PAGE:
Treasure of the Month
The Magdalen Papyrus P64: possibly the earliest known fragments of the New Testament (or of a book!)
30th October 2013
These three small papyrus fragments are Magd. MS. Gr. 17 (also known as Gregory-Aland P64, the ‘Magdalen Papyrus’ or the ‘Jesus Papyrus’), the oldest item held by Magdalen College Library. They probably date to the late second century AD, making them among the dozen earliest known surviving fragments of the New Testament. Along with the other early New Testament fragments they are the oldest known pieces of a codex (a book with pages, as opposed to a scroll).
We know that they are from a codex as the fragments have text from the same chapter on both sides—Matthew 26, the verses where Jesus’ head is anointed with perfume (to the disciples’ indignation) by a figure some identify as Mary Magdalene; Judas meets with the chief priests to betray Jesus; and the disciples share the Last Supper. By examining the surviving text and comparing it to the full text, we know that the codex originally had a two-column format, had around 16 letters per line and 35 lines per page, and was a little smaller than a modern paperback (Roberts estimates that the text block was 10.5 x 16.8 cm with the Gospel of Matthew covering around 150 pages, Head believes it was shorter at around 80 pages).
These fragments were given to Magdalen by Charles Bousfield Huleatt (1863–1908) in 1901. Huleatt was a Magdalen alumni turned missionary, who was working in Luxor. Sadly nothing is known as to how he acquired them, or their ultimate origin. He sent them to Magdalen as a curiosity, an ancient papyrus fragment feature the college’s namesake. Huleatt dated them to the third century; however in 1901 they were dated for the college by Dr. Hunt to the fourth century. Colin Roberts (1953) re-dated the fragments to the later second century, a date he confirmed with the experts Sir Harold Bell, Mr. T. C. Skeat, and Professor Turner.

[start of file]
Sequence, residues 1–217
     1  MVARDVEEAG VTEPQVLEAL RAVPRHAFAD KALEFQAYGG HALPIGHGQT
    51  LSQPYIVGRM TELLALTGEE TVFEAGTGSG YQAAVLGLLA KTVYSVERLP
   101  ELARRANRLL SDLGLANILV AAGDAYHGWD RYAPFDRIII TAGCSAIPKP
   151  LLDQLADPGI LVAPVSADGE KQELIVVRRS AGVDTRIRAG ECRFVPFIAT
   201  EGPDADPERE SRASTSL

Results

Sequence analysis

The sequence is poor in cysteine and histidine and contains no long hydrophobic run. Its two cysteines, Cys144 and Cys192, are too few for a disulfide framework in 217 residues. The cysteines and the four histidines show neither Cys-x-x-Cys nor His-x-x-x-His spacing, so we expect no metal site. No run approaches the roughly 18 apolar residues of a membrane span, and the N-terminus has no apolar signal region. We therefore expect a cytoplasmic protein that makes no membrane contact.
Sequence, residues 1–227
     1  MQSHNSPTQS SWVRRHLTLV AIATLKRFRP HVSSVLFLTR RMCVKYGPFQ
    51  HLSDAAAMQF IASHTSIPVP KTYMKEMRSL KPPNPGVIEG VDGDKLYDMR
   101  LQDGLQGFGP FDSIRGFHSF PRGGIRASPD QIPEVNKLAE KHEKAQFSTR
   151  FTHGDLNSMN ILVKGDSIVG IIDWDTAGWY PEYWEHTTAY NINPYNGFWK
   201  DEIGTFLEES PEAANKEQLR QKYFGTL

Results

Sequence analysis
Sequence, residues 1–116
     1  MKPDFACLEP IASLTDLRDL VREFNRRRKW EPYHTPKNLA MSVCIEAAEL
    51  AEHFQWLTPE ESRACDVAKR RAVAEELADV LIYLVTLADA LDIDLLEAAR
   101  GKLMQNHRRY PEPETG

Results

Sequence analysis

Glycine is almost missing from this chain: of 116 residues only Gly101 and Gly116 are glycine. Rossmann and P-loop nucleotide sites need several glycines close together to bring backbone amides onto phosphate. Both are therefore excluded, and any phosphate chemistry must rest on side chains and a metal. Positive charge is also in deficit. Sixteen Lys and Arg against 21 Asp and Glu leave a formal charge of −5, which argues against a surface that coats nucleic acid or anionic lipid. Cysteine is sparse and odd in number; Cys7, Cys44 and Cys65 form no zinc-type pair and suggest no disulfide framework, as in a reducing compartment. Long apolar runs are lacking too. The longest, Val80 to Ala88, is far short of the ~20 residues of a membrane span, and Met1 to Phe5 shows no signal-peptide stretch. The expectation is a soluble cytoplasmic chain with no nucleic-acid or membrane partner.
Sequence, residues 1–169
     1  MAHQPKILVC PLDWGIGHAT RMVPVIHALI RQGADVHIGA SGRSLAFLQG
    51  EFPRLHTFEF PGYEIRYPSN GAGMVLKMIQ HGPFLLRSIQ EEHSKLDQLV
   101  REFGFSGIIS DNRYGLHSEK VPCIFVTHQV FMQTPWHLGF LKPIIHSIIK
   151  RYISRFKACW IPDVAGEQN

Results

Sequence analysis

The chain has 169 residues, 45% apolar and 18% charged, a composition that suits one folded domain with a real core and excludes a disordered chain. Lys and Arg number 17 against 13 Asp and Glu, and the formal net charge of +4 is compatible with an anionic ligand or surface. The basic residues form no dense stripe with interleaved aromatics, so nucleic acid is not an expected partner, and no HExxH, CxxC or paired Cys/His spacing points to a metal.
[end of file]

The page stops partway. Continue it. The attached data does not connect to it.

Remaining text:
Other fragments from the start of an early gospel of Matthew, known as P67 or the ‘Barcelona Papyrus’ (Barcelona, Abadia de Montserrat, P.Barc./Montserrat inv. 1) are widely believed to be from the same original codex, as argued in Roca-Puig (1962). Fragments of an early gospel of Luke, known as P4 (Paris, Bibliothèque Nationale, Suppl. Gr. 1120) and found used as binding material in a third century copy of Philo, have also occasionally been claimed to be part of the codex, such as by Skeat (1997). If P4 does come from the same codex as P64+67, then it could be the earliest surviving codex that contained all four gospels, as opposed to being a single-gospel codex. However current scholarship, such Head (2005) or the codicological analysis by Charlesworth (2007), seems to be leaning towards P4 being a separate item to P64+67. It was possibly written by the same scribe, or made at the same location.
Our fragments have always attracted scholarly attention, and shot to public fame on Christmas Eve 1994, when The Times reported that Carsten Peter Thiede had re-dated the fragments to the first century, providing ‘the first material evidence that the Gospel according to St Matthew is an eyewitness account written by contemporaries of Christ’. If Thiede was correct, they would be the oldest surviving text of the New Testament and pieces of a codex. Thiede’s claim, elaborated upon in 1995 in a scholarly article and a best-selling book (with Matthew d’Ancona), has prompted much discussion, however it has not been widely accepted by the academic community.
Today most scholars support Head (1995), and favour a dating to the late second century or c.200 A.D. This still makes our fragments among the earliest dozen surviving fragments of the gospels, and the oldest book in our collections by almost a thousand years.